Tomorrow, back with London Literary Walks of course - and I'm looking forward to this one more than most - it's The Chaucer Walk, and I do love things medieval!
Thursday is a red-letter day, with the last scheduled Meetup of the Man with the Hat. Both groups (London for Less Than a Tenner standing, and Let's Do London- for less! in seats, as usual) are headed to the Globe for Romeo and Juliet. It'll be poignant.. but the production itself will be controversial, from what I hear, being - shall we say, avant-garde. As usual, I'll reserve judgement till I see for myself. Then it's back to Ireland for the weekend.
On the 15th & 16th, I'm off to Pint of Science - following a theme, given my background, I'm headed to a talk on Small Is Beautiful (quantum physics) on Monday and one on Across the Universe (cosmology, and now sold out) on Tuesday. Rock on..
On the 17th, London Literary Walks is off to Highbury. And so am I.
On the 18th, I'm booked for free comedy in Hammersmith, with Free Comedy Nights in Hammersmith Wimbledon & Greenwich, Random London, and London Live Comedy. Something, frankly, that I usually cancel, but you never know - nothing better has yet come up for this night!
On the 19th, I saw that London Social Detours (a side-shoot of Ken's Events) were charging £3 to go to the free jazz concert at the Royal Academy. So I was going to go on my own. Free. But then the London European Club (LEC) advertised a Norwegian Dixieland concert at Jamboree.. well, that sounded like more fun, so now I'm going to that instead.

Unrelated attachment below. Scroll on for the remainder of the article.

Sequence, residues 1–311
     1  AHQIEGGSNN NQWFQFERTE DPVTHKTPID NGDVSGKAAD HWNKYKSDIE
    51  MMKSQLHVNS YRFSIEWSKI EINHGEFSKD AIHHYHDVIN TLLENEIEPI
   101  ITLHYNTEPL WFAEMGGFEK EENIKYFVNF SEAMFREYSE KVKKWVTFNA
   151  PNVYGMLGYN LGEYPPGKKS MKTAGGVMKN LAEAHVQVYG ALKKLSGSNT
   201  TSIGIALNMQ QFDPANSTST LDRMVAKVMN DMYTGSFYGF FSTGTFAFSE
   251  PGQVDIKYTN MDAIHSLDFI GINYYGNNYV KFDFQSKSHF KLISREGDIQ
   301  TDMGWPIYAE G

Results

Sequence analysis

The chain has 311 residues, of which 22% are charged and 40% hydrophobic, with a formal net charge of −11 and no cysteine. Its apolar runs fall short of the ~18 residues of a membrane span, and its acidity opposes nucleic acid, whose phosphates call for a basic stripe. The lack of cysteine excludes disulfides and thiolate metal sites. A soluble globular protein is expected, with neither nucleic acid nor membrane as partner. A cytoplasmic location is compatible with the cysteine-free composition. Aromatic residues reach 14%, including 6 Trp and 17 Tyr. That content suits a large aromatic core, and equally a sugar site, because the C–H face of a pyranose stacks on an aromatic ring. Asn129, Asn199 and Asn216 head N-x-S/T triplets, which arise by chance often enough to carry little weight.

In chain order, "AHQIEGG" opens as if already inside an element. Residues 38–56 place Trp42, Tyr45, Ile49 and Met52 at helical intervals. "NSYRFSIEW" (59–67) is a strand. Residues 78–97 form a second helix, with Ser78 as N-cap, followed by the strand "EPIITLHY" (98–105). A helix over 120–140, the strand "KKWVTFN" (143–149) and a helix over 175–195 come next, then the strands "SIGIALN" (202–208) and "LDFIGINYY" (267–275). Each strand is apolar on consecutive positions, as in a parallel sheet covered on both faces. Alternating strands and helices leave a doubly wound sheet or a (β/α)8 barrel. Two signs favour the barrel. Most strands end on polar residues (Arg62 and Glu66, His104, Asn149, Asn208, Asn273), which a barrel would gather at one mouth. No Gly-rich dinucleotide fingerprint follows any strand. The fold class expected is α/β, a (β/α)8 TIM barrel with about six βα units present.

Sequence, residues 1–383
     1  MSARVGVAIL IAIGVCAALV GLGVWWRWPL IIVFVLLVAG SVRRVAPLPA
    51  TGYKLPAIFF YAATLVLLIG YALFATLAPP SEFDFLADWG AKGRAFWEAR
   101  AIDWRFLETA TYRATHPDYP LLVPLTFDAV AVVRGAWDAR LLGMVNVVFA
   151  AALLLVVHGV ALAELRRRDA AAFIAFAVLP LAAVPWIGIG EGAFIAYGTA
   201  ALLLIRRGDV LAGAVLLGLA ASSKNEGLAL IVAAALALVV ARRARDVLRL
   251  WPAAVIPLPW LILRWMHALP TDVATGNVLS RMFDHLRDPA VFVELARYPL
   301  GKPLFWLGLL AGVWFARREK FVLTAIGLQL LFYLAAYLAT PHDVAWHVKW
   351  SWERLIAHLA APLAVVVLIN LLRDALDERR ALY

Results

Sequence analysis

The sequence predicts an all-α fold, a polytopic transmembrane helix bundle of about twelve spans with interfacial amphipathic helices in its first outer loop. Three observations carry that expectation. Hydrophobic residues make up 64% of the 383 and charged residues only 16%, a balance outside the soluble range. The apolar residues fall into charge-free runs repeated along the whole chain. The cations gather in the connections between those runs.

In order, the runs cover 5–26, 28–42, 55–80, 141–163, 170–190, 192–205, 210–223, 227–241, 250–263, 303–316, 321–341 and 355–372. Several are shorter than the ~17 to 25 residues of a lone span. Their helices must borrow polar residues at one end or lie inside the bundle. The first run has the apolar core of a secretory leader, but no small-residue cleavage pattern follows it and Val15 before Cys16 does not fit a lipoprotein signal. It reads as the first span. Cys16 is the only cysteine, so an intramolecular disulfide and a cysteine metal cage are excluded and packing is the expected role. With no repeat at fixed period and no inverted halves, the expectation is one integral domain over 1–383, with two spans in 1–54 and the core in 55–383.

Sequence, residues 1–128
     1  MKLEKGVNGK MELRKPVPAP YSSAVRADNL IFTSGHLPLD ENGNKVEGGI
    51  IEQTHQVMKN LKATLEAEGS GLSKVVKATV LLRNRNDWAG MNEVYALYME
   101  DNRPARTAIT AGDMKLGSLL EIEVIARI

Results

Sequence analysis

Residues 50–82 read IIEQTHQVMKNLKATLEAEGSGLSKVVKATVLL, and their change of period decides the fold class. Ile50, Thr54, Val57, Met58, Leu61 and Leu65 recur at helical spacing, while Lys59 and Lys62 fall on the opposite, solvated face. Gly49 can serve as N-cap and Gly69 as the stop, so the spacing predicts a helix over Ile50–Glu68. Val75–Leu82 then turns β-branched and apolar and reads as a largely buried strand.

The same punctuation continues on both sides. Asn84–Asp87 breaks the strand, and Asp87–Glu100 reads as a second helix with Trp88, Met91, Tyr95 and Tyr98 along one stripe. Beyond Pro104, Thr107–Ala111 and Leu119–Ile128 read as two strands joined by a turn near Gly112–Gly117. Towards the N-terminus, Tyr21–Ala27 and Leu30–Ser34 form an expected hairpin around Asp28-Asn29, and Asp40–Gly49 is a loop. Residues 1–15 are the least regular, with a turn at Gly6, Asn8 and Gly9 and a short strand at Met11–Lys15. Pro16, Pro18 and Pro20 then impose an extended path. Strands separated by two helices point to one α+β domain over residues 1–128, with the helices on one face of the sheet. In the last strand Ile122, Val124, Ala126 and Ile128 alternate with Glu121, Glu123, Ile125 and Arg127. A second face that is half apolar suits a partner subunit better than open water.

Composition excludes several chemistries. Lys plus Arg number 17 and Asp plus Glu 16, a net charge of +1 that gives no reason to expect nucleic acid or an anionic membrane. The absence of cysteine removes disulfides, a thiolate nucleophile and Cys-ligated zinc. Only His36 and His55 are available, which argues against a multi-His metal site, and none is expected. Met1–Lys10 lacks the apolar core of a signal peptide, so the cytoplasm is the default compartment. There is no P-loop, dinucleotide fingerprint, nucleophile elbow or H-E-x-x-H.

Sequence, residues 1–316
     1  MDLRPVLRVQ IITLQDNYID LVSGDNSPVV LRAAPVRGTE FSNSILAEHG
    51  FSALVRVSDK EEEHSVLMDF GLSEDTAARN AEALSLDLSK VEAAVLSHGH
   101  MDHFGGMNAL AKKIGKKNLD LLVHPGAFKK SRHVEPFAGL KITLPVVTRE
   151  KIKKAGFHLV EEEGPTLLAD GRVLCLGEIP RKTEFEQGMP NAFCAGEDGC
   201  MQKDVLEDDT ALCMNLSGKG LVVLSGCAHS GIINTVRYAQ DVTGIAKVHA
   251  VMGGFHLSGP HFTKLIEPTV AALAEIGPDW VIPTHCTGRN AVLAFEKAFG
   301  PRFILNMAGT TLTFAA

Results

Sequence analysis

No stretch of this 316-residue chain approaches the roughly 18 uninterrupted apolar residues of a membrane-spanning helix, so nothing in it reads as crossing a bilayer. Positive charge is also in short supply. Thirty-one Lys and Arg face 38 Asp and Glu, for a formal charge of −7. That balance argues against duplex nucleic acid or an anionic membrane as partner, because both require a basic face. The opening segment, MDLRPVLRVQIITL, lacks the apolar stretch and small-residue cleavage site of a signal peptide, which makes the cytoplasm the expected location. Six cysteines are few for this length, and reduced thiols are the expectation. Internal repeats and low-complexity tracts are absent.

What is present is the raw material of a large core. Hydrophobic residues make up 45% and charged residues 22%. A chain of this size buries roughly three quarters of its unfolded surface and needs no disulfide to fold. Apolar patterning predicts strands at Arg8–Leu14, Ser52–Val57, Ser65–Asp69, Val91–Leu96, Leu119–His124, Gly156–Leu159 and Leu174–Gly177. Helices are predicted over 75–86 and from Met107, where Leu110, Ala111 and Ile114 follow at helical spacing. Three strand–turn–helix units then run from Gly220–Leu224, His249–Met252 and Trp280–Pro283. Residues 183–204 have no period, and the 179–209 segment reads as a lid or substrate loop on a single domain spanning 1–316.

On the 20th, I'm doing something local - a guided walk on Residents, Rascals & Riots, in Holborn. With London for a Tenner or Less.
The 21st, London Dramatic Arts (LDAM) is headed out of town. We're going all the way to Northampton, to see a couple of Shakespearian plays, one directed by one of her members. Richard II, to be precise, with Titus Andronicus to whet our appetites. No-one has signed up apart from me, but what the hey I've never been there, so it'll be interesting.
On the 22nd, I'm off to Ugly Lies the Bone, at the Lyttleton.
On the 23rd, Funzing UK is taking me to an Infinitease Burlesque Show. Probably up in Leytonstone, so if anything better comes up in the meantime, I'm up for it! That's a terribly long way out.
The 24th was supposed to be the Man with the Hat's last event, but he had to cancel. Instead, I discovered that the UL Alumni Association (UL is my alma mater) is holding a talk on Brexit that night - so that'll be nice.
The 25th, Crick Crack is back - at Crouch End Arthouse again, unfortunately. It's just so far! Still going, of course - the more especially because it's Michael Harvey again! He's worth the trip. Then I'm back to Ireland for the Bank Holiday weekend again - and taking the bank holiday, this time!
On the 30h, LDAM are at the Olivier to see Common. So am I.. on a cheap Travelex ticket, which I booked direct with the venue. So I'll be avoiding them, since they don't appreciate that.
On the 31st, free comedy in Hammersmith is up again (temporarily, at least), with the above groups, plus London Art Comedy & Culture Lovers (another offshoot of Ken's Events).
On 1 June, I eschewed the free comedy in Hammersmith for the Ghosts & Executions Tour, with London for a Tenner or Less - even though that guide wasn't great the last time, so I cancelled this previously, he's better than that free comedy! Oh, and I forgot to mention, the code WELLBEING30 got me 30% off this. How it qualifies as "well-being" I don't know, but I'm not complaining!
Then I'm off down to Helen for the weekend - she told me about this Living History Festival, and I said yes please!
The 5th, I'm back to Soho Theatre with the Crick Crack Club, for something called The Frog Princess - Punked. Ben told us last night that there's going to be a full punk band - goodness, who would've thought that Sally Pomme Clayton had a hidden punk side!
And the 6th June, I'm with the LEC, to see the Images Ballet Company at the Arts Depot.